Opinions on oil additives to remove carbon buildup?

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Searching through the 100 tech forum didn't show much discussion on this. I'm talking about additives like ATS 505 and similar. My gut tells me its probably not needed and maybe could cause isseues? I also figure an '03 LX is old enough that it shouldn't get as much buildup as a newer car. I've changed my oil regularly but I don't know how often it was changed by the prev owner (I've only had it 15k miles). Trying to be proactive in case there's some buildup. Thoughts?
 
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I would not add anything to a 2UZ other than quality fully synthetic (non high mileage) oil in 5w30 or if in a really warm climate something with a bumped up winter weight like a 10w or 15w.

There is absolutely no need to baby a 2UZ and adding things to the crankcase is unnecessary. If you want to do something to confirm this, many of us have pulled an oil sample at a known interval (you need to know what you put in and how many miles are on it for it to be a good test) and send the sample into blackstone labs for a $25 oil analysis.

Great peace of mind and in my case has saved me money in the long run - good oil isn't cheap, especially lately. I have had multiple 2UZ's and found I was literally throwing away perfect oil by changing...
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I would not add anything to a 2UZ other than quality fully synthetic (non high mileage) oil in 5w30 or if in a really warm climate something with a bumped up winter weight like a 10w or 15w.

There is absolutely no need to baby a 2UZ and adding things to the crankcase is unnecessary. If you want to do something to confirm this, many of us have pulled an oil sample at a known interval (you need to know what you put in and how many miles are on it for it to be a good test) and send the sample into blackstone labs for a $25 oil analysis.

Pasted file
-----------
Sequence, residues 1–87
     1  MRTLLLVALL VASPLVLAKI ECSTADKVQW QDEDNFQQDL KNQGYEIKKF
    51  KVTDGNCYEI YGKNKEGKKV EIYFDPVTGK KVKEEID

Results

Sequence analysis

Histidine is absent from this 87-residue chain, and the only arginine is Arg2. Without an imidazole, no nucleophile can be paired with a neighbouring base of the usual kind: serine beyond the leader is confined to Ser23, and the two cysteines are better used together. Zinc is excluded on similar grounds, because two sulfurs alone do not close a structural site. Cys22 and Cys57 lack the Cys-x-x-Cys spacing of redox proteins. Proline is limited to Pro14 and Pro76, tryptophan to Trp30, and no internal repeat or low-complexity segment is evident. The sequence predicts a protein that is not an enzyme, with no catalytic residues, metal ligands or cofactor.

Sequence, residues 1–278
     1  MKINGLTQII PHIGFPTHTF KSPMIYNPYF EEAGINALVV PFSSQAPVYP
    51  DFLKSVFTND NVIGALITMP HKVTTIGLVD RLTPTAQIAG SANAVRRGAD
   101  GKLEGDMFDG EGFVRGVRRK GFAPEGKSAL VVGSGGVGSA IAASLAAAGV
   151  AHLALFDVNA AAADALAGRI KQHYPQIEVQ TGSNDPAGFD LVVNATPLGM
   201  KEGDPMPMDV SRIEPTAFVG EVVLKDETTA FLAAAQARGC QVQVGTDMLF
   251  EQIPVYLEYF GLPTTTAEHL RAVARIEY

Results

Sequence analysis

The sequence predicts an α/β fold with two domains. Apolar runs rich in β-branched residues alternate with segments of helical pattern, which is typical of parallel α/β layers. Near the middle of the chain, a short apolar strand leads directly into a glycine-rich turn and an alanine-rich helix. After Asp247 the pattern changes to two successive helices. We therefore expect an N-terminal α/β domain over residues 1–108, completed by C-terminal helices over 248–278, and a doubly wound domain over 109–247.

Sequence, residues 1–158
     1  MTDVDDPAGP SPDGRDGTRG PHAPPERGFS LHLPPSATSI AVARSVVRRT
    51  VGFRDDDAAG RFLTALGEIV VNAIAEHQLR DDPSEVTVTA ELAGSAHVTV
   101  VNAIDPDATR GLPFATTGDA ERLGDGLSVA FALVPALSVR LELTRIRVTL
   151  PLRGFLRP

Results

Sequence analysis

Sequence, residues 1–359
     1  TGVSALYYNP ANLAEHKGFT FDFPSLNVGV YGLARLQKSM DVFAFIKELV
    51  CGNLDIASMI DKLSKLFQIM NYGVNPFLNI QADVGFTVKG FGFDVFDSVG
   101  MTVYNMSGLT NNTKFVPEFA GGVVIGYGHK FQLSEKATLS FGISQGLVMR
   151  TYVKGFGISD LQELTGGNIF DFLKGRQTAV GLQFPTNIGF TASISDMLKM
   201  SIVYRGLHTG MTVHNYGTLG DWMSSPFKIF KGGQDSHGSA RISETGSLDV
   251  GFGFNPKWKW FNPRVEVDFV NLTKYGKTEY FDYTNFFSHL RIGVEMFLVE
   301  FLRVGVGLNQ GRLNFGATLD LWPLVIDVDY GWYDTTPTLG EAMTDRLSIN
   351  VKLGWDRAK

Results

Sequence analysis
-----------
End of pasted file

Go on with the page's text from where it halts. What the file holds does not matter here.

Great peace of mind and in my case has saved me money in the long run - good oil isn't cheap, especially lately. I have had multiple 2UZ's and found I was literally throwing away perfect oil by changing it at 3-5k and can push out at least 2x that even on the severe duty schedule with towing, offroading, idling, etc.

Look up the pictures of most folks valve cover gasket jobs and you will see just how clean the valvetrain stays on these things if you do oil services on time. Even if the PO pushed intervals too far, just stay on top of doing your intervals on time and you'll be good.

That being said, I had Jeeps in high school and it was common to just add a half a quart of ATF to the crank case to free up sticky valves, drive 50 miles or so and then drain the oil to get the junk out. But no need on these motors.
 
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I would not add anything to a 2UZ other than quality fully synthetic (non high mileage) oil in 5w30 or if in a really warm climate something with a bumped up winter weight like a 10w or 15w.
I figured as much. Thanks for a great answer. I use "bulk oil" standard 5W30 (non-synth) as recc'd by members on the board. I may do that oil test as well. Thx
 

Eyedaho

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I would not add anything to a 2UZ other than quality fully synthetic (non high mileage) oil in 5w30 or if in a really warm climate something with a bumped up winter weight like a 10w or 15w.

There is absolutely no need to baby a 2UZ and adding things to the crankcase is unnecessary. If you want to do something to confirm this, many of us have pulled an oil sample at a known interval (you need to know what you put in and how many miles are on it for it to be a good test) and send the sample into blackstone labs for a $25 oil analysis.

Great peace of mind and in my case has saved me money in the long run - good oil isn't cheap, especially lately. I have had multiple 2UZ's and found I was literally throwing away perfect oil by changing it at 3-5k and can push out at least 2x that even on the severe duty schedule with towing, offroading, idling, etc.